Posted by Barbara on April 17, 1998 at 12:23:38:
In response to Life and Art 2, written by Helen on April 17, 1998 at 11:20:46
] Basically, reading the biography has made people consider relationships between JA's life and her writing in various ways. What I was wondering about was ways in which her writing departs from her own life: for example, mothers are not significant characters, as a rule, and are often dead or not present for parts of the novel. But JA spent most of her life under the same roof as her own mamma. Are there other such differences? And why are they there?
One thing that stands out is that most of JA's heroines come from families of all-female siblings: Elizabeth Bennet, Elinor and Marianne (I'm not considering John, their half brother, to really be a brother to them, and he was not raised with them), Emma, and Anne Elliot. And, in three of these situations, the Bennets, the Dashwoods and the Elliots, things would be a lot different for everyone if only their had been a brother. The family property or title would not be passing into other hands, and the marriage prospects would therefore not be so dim. I find it rather interesting that a woman with six brothers should so often write about female heroines who are at least partially in their difficult situations because there is no brother to help them.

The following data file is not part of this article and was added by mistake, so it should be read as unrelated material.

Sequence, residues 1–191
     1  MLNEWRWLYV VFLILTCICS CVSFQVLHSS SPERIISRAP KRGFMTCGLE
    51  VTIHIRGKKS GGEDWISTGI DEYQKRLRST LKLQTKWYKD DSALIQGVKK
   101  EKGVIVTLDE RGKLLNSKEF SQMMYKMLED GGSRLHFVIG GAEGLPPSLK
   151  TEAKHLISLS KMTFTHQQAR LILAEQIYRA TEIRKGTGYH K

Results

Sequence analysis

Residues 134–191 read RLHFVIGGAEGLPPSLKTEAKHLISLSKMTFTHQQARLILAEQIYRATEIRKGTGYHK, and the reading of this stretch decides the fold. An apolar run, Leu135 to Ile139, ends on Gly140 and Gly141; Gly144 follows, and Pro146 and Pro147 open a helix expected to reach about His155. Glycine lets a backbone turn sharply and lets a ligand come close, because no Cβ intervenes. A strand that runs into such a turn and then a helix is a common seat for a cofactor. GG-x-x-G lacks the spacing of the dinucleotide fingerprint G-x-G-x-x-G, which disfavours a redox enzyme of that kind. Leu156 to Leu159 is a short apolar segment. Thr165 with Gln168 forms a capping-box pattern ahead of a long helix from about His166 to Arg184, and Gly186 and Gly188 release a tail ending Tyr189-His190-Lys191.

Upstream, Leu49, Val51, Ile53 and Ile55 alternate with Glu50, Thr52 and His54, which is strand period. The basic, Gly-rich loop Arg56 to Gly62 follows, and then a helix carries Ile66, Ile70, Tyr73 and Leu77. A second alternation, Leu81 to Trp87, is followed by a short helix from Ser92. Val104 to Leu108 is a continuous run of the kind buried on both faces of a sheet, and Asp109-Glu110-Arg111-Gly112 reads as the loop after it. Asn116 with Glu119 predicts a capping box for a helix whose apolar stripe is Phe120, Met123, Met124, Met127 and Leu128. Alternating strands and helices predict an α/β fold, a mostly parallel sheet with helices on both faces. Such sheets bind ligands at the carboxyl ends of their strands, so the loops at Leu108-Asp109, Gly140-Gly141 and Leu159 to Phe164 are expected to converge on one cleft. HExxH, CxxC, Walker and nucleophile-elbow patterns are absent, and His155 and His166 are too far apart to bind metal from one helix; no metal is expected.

On the other hand, Fanny Price is warmly attached to her brother William and Edmund is like a brother to her. Catherine Moreland is also fond of her own brother.
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